Jul 19, 2013

July Genreflecting: Review: The Hitchhiker's Guide to the Galaxy by Douglas Adams

Genreflecting wordle

Hitchhiker's Guide to the Galaxy coverSeconds before the Earth is demolished to make way for a galactic freeway, Arthur Dent is plucked off the planet by his friend Ford Prefect, a researcher for the revised edition of The Hitchhiker's Guide to the Galaxy who, for the last fifteen years, has been posing as an out-of-work actor.

Together this dynamic pair begin a journey through space aided by quotes from The Hitchhiker's Guide ("A towel is about the most massively useful thing an interstellar hitchhiker can have") and a galaxy-full of fellow travelers: Zaphod Beeblebrox--the two-headed, three-armed ex-hippie and totally out-to-lunch president of the galaxy; Trillian, Zaphod's girlfriend (formally Tricia McMillan), whom Arthur tried to pick up at a cocktail party once upon a time zone; Marvin, a paranoid, brilliant, and chronically depressed robot; Veet Voojagig, a former graduate student who is obsessed with the disappearance of all the ballpoint pens he bought over the years.

From Goodreads

The Hitchhiker's Guide to the Galaxy  is one of the most popular humorous science-fiction books ever written. First published in 1979, it has been read by several generations and has remained extremely well-spoken of. Personally, it wasn't all that for me. I enjoyed the jokes I knew were coming & Adams has a unique storytelling ability, but it was a jaunty, jumbled mess as far as I'm concerned. The cast was quirky and fun in ways that I hadn't really expected, but it was a bit wacky. I think that's part of the allure for so many people. The sheer absurdity and outlandishness of the stories is quite enticing.

It follows the adventures of Arthur Dent & Ford Prefect as they hitchhike across the galaxy. Ford, being the alien updating the Guide, got stuck on Earth for 15 years and right as it's getting ready to be demolished, he grabs his mate Arthur and continues on his merry journey. They meet all sorts of aliens, see several planets, and enjoy the shenanigans of other travelers just as weird as themselves. Their antics land them in all manner of troubles, but they always seem to come out for the better on the other side. Personally, I adored Marvin! He's the opposite of what you think of when you think robot and his rapier wit allow for some memorable lines.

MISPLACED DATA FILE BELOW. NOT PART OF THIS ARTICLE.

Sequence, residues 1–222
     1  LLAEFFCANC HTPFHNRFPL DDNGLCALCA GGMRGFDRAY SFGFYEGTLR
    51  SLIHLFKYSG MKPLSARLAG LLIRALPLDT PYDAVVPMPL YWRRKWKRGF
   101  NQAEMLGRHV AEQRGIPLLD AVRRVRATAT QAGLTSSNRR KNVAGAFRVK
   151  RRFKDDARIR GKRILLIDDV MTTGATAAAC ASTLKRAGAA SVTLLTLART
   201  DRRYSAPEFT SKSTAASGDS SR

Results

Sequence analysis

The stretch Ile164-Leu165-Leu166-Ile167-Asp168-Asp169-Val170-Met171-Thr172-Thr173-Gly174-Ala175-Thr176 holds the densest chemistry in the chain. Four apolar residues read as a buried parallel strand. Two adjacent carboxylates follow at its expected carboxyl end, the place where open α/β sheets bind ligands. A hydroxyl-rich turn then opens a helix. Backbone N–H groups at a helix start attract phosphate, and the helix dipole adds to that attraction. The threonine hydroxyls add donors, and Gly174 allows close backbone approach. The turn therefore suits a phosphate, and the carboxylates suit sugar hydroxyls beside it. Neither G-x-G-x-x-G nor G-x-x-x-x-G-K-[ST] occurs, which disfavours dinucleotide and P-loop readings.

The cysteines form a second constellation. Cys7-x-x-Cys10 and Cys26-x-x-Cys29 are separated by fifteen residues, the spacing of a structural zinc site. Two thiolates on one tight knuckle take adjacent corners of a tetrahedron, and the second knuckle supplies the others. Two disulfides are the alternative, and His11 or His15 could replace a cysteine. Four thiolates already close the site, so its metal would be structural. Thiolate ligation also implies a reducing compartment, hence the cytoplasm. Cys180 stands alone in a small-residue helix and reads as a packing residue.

It's rather obvious why this one falls under science fiction. Between the inter-galactic travel, robots, & aliens, there are so many check marks on the list that it couldn't possibly go anywhere else. The part that really cements this book's place in science fiction though are the moral dilemmas and explanations throughout. As we meet countless races of non-humanoid life, we are constantly informed of their natures and thought processes. It's not simply a matter of knowing what they're doing, it's also the analyzing of why they do certain things. It makes all the difference in the world understanding someone's intent and background. Also, the scientific possibilities of all the artifacts and mechanics seen within the book allow the reader to imagine that some great things are possible.

Have you read this book or others in the series? What do you think about it? Be sure to check back next week when I giveaway a science fiction book and review The Program by Suzanne Young.

Here is the trailer for the movie version, which I find easier to follow and actually quite close to the book. If you haven't seen it, you should!

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